Project Tomato wins Alpro award
A study into how children can be encouraged to eat their ‘5-a-day’ has won Leeds student Meaghan Kitchen a prestigious Alpro Foundation award.
Meaghan is currently in her first year of PhD study at the Nutritional Epidemiology Group in the Leeds Institute of Health, Genetics and Therapeutics (LIGHT). Her winning thesis, 'Process evaluation of a cluster randomized controlled trial of a school-based fruit and vegetable intervention: Project Tomato' was chosen by the Alpro Foundation's scientific committee as the most outstanding research entry from across the UK & Ireland relating to plant-based nutrition and its impact on health.
The Project Tomato research shows it is extremely difficult to motivate children to eat 5-a-day through activities at school. Instead, it seems that parents hold the key to successful higher fruit and vegetable intake in their young.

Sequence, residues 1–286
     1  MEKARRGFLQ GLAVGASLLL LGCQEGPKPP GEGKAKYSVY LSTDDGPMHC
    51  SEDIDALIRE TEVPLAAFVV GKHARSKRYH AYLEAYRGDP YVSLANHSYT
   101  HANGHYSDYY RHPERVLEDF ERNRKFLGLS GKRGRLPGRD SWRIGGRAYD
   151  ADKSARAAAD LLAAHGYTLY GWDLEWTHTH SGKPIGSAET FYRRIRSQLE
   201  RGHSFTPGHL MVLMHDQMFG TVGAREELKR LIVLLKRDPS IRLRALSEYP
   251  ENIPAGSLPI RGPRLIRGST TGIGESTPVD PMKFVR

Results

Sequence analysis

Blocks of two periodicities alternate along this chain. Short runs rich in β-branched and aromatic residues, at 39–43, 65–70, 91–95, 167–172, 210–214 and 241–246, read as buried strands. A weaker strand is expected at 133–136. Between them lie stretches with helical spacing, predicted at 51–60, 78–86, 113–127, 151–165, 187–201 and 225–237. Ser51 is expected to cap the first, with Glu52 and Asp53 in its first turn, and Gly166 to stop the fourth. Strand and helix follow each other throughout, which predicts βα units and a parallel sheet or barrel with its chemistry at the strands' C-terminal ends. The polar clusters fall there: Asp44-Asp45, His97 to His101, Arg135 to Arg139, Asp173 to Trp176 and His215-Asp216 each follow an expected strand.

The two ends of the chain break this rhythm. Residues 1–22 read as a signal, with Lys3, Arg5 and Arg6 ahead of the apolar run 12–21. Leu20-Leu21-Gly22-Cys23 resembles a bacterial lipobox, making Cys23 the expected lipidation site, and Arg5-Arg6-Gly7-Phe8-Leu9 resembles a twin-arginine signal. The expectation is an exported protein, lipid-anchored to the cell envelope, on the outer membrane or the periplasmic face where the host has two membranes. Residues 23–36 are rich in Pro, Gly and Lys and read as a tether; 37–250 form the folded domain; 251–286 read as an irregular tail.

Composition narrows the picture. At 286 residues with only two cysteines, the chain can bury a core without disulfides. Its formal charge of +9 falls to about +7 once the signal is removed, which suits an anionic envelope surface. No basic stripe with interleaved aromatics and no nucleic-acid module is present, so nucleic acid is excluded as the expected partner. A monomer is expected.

Meaghan said: "Parents are essential to improving children's fruit and vegetable intake. Parents need to be supported to take more of an interest in their children's diet. Activities which involve children trying fruit and vegetables, whether at home or at school are more likely to have an impact on their 5-a-day."
Meaghan received a cheque for €2,500 from Professor Peter Shewry, an Alpro Foundation jury member, at an awards ceremony held during the 10th National Nutrition and Health Conference in London.
Meaghan's supervisor, Charlotte Evans said: "We are delighted that Meaghan's hard work in this important area of public health research has been recognised by the Alpro Foundation.
Project Tomato was funded by the National Prevention Research Initiative. Further details about the award and project can be found at: http://www.alprofoundation.org/news-about-the-alprfoundation/?id=19Posted in: Student education